Today people run primarily for fitness—but primitive humans probably ran because they had to—in what's known as a fight or flight response:
With the fight or flight reaction, or in reactions where someone is extremely stimulated by central mechanism,
that is the hypothalamus of the brain—they will just begin to sweat and it doesn't matter what the temperature is outside.
When the adrenal gland is stimulated—… when you exercise—or from nerve activity like a date or job interview--
stress hormones such as cortisol and adrenaline are released into the body. When that happens your body's climate control mechanism revs into action and you sweat:
The chief reason for sweating is temperature regulation.
The average person has nearly 3 million sweat glands in their skin and they are commonly divided into two major types: Eccrine and Apocrine.
Eccrine glands are by far the more numerous of the two…
The eccrine glands are everywhere on the body.
The apocrine are oil glands that have a thicker, more potentially odoriferous sweating and they are mostly under the arms or in the groin area.
In addition to being thicker, sweat from apocrine glands sometimes has a yellowish color and often creates a smell when it comes into contact with bacteria on the skin.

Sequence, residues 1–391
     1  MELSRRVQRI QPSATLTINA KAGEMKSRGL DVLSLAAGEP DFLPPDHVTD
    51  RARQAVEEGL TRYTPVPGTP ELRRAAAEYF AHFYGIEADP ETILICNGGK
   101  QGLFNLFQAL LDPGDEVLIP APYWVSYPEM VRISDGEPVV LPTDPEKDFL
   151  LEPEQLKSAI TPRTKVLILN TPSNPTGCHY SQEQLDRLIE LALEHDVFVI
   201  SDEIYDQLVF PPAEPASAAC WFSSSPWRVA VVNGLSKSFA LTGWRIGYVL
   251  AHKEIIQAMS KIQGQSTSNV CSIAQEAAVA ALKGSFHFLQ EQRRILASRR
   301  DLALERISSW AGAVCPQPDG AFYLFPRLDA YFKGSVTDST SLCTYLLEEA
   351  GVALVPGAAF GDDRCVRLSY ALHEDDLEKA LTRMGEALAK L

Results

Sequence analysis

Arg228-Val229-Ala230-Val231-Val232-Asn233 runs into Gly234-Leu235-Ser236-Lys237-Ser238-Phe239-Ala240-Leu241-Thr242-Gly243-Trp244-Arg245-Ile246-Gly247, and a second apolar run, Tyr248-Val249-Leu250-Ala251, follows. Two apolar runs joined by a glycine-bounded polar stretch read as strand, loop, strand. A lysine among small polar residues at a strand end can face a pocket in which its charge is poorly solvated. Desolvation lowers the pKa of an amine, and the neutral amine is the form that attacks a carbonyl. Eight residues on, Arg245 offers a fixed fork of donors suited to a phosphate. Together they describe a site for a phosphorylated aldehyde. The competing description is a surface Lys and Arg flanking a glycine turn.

That's one reason we apply deodorant and antiperspirants to our underarms and not to our entire body.
Sweat is odorless. It's the bacteria that break down the sweat that cause the problem that some people find offensive.
So, most of the time the forehead sweat evaporates and doesn't and bacteria don't get a chance to work on it, but in areas where there are folds of skin like under the arms or in the groin area,
then the bacteria is present and it breaks down the sweat and it causes an odor.
Humans have fewer of these smelly apocrine glands than nearly all other primates.
Because of the pungent smell, some believe they were designed to attract mates, mark territory or as part of an alarm reaction.
For modern humans, that "alarm reaction" may be your nose telling you to take a shower. For WebMD, I'm Damon Meharg.